- Choose a time when baby is fed and well rested. You can have someone to keep him engaged while you administer the medicine.
- Rub the ear drops bottle between your palms to warm it up a little.
- Lay the baby down on your lap. The baby should be on his side, so that the ear with the wax buildup is facing up.
- Fill the dropper with the prescribed amount of medicine. Bring the dropper towards baby’s ears.
- Gently pull the ear lobe down to open up the ear canal and drop the medicine slowly, till the ear canal is full. This can cause discomfort for the baby, so keep him engaged and calm.
- Let the baby rest in that position for about 5 minutes so the medicine can settle inside the ear.
- Turn the baby over so the blocked ear is now facing down. This should help the ear wax fall out.
You can also use a washcloth. Dip a washcloth in warm water and wring out any excess water so it isn’t dripping. Use the washcloth to clean out the softened wax and any excess medicine.
Safety Tips to Follow When Cleaning Your Baby’s Ears
You can choose any of the methods above to clean your baby’s ears, depending upon how bad the wax buildup is. However, there are some safety tips to be followed at all times.
1. Never use cotton buds. This may seem to be our first impulse when thinking about cleaning ear wax, but this only pushes the wax further into the ear canal, making it more difficult to remove. It can also hurt the eardrum and cause permanent damage.
2. Always make sure the baby is calm, fed and well rested when attempting to clean her ears. Cleaning ears is an uncomfortable experience, and you want to make it as easy as possible on your child.
3. Never attempt to ‘flush out’ the wax by spraying water or oil or any other substance into the ear.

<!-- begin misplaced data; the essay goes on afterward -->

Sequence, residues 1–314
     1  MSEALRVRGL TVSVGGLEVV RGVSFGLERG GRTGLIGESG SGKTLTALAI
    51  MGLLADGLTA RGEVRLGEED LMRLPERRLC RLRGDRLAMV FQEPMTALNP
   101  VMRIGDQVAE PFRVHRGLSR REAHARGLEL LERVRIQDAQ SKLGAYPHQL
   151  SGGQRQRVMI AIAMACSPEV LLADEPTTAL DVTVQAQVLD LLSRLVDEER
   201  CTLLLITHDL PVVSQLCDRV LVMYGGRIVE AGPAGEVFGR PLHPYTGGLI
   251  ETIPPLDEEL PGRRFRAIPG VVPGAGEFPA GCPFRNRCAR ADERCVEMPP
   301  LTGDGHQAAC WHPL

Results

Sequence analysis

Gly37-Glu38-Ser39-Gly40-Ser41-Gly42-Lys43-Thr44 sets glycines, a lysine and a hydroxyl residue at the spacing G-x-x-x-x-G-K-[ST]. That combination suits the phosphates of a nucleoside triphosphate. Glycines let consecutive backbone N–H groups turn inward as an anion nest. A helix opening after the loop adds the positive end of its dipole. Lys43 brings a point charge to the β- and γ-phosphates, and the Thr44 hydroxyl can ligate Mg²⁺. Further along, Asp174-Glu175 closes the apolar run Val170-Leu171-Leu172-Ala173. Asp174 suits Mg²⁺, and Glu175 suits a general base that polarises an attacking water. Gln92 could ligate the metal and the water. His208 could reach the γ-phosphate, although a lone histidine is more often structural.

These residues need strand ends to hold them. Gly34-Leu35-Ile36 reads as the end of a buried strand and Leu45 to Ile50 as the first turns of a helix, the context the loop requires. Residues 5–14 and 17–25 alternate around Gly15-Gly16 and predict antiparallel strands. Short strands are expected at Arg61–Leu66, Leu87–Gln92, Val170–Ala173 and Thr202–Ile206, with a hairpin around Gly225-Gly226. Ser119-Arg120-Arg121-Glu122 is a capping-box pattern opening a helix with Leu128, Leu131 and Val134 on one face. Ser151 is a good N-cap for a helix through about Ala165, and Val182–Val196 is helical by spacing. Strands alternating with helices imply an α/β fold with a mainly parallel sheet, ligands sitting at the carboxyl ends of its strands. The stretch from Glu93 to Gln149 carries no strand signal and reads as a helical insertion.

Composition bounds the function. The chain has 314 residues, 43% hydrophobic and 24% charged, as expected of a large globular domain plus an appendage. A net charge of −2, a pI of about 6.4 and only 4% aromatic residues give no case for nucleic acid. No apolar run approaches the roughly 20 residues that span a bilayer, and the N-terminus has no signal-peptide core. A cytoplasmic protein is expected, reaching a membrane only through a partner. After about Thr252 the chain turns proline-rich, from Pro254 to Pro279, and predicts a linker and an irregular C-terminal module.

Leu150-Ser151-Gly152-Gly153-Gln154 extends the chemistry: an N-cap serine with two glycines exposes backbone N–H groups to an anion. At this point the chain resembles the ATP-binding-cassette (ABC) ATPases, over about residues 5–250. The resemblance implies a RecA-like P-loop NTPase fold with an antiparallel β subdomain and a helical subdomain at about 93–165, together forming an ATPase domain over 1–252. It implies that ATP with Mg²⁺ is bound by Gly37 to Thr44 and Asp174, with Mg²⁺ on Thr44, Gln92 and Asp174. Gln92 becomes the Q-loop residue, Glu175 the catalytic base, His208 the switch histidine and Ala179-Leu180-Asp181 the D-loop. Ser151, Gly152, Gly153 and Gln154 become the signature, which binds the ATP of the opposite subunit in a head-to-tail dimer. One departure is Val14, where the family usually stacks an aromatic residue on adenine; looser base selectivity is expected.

4. When it comes to cleaning baby ears, avoid home remedies like candling or essential oils.
5. Do not attempt to get the wax out with your fingers. It’ll only push the wax in further causing blockage.
6. Once your children are old enough to understand, instruct them to never put anything into their ears. Avoid using cotton buds or putting things into your ears in front of them.
When to see the doctor
If none of the wax-removing methods work or if the baby’s earwax is too much, you may have to go to the doctor to get baby’s ears cleaned. Doctors generally use a tool called a curette to gently scrape out the wax. This is generally done as a day procedure right in the doctor’s clinic and doesn’t take much time. However, in rare cases the doctor may have to put the baby under anesthesia to remove the wax.
If the buildup is too much for the pediatrician to handle, he may refer the baby to a pediatric otolaryngologist, who is an ENT specialist for children. This is an expert who will have other means to get the wax out. If the doctor notices any infection in the ear, you may be prescribed antibiotic ear drops.
While earwax buildup is generally not a matter of concern, there are a few cases which require immediate medial attention:
- When the baby seems to be in a lot of pain and is tugging at her ears
- If the baby is not responding to sounds and her hearing seems affected
- If the child seems to be unsteady while walking
- If there is too much wax coming out of the ear
- If there is a yellowish-green or milky discharge from the ear
- Any amount of bleeding from the ear